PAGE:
Bipocni, the OP is playing soccer not American Football. I honestly have no clue what soccers players do for S&C besides what I remember seeing them at practices in HighSchool.

Yep, soccer. Most of the workouts footballers do are centered around squats, deadlifts, plyos, calf raises, pull ups and benching. It's only recently that "core" work has been introduced into the sport, and it's all the rage. 

 

 

You can probably still manage to do any plyo work after your F1 work. When I was doing GST, I either lifted or sprinted/plyos afterwards and it was pretty doable. Other way around is tough. You could also finish your F1, carb up a bit and rest and do your running.

 

Yeah, I think I'll do this. I generally have a one-hour window between my F1 and when I go for training, so I'll get something to eat before. Weighted leg work I'll do probably around thrice a week, and plyos after a couple of my F1 sessions. 

 

 

If you play soccer that much I don't see why you need to do more running unless it training for Long Jump which would mostly be sprints and plyos.

 

The running is mostly fine-tuning and high-level conditioning. However, football (should I just call it soccer?  :P) has given me a fantastic stamina base. For an Atheltics Meet in Karachi, I finshed 2nd in the 800m with a time of 2:41, despite being injured and having gone to the meet from a soccer practice. So the running does not tire me out tremendously.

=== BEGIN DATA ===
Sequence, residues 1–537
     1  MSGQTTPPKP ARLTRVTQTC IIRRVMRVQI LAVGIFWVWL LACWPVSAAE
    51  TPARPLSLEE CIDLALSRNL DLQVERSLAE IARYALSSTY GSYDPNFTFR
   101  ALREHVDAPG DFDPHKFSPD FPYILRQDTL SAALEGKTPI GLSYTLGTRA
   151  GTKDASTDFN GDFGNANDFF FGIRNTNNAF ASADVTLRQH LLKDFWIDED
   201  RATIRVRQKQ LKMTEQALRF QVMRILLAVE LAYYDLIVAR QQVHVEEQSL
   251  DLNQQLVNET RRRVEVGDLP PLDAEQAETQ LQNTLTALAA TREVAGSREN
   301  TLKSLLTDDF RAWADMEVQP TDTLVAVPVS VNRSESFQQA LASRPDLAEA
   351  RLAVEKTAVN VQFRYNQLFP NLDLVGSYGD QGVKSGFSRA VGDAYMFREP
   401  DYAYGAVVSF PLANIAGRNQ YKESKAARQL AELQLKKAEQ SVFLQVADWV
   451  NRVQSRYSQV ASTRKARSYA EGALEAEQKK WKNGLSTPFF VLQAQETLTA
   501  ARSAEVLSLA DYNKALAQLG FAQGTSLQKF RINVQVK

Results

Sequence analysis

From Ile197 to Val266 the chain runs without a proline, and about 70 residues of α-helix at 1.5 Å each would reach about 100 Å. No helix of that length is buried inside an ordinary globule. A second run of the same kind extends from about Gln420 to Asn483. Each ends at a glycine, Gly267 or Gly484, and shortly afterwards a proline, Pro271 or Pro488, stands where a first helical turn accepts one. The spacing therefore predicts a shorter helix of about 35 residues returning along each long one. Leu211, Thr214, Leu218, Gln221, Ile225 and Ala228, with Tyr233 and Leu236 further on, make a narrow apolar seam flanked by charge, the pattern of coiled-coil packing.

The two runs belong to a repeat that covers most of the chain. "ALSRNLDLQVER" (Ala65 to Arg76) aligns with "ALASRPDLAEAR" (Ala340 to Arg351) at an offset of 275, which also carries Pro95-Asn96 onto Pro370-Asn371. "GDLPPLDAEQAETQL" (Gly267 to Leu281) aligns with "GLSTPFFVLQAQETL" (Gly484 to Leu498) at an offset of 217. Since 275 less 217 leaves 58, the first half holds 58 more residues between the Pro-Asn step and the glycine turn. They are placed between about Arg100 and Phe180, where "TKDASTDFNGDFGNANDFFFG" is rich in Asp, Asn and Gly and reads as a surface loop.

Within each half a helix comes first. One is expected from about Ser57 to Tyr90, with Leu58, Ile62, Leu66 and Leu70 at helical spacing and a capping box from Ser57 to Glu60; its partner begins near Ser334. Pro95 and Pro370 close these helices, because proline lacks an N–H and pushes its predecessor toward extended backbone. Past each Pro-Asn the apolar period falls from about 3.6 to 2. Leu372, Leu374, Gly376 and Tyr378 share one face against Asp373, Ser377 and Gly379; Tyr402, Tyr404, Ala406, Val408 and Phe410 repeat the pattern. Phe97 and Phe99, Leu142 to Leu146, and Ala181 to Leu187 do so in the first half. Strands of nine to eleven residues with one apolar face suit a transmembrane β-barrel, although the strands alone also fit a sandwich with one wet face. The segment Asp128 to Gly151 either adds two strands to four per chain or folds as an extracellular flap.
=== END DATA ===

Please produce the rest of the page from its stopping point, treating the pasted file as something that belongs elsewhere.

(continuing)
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FREDERIC DUPONT

How old are you? :)

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Afiya Zia

I'm 14

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Blairbob

14! Geez.

 

Yeah, soccer will build up a lot of aerobic endurance and some anaerobic endurance. I want to say in HS some of our XC/Distance runners were soccer players in fall. They were alright 400 runners (generally around 60s) with good 800 times despite focusing more on the 1 and 2 mile distance events.

 

"It's only recently that "core" work has been introduced into the sport, and it's all the rage."

 

Huh, hmm. If someone has a good squat and DL there generally is a decent core strength. I still think most "core strength" is assistance work not primary work. For a soccer player, upper body push/pull work is probably less important than lower body and core strength development.

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Afiya Zia

Well, depending on which country the player is from (talking professional now), their workouts will focus on different things. For example, the English Premier League is extremely physical and quick, so whole-body strength and athleticism is important. Most players in the Prem are on whole-body workouts, because they need it for staying on their feet. The focus is leg strength and explosiveness, as well as the core, but upper body exercises also feature in their workouts.

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Karri Kytömaa

I would add F1 with very low volume, just doing it once a week split over 2 or 3 days. Take it mainly as mobility work and learning the right movement patterns, not real strength training. After month or two, see how you feel and go on adding more volume. With gymnastic training, slow and steady wins the race. (And most importantly avoids injuries!)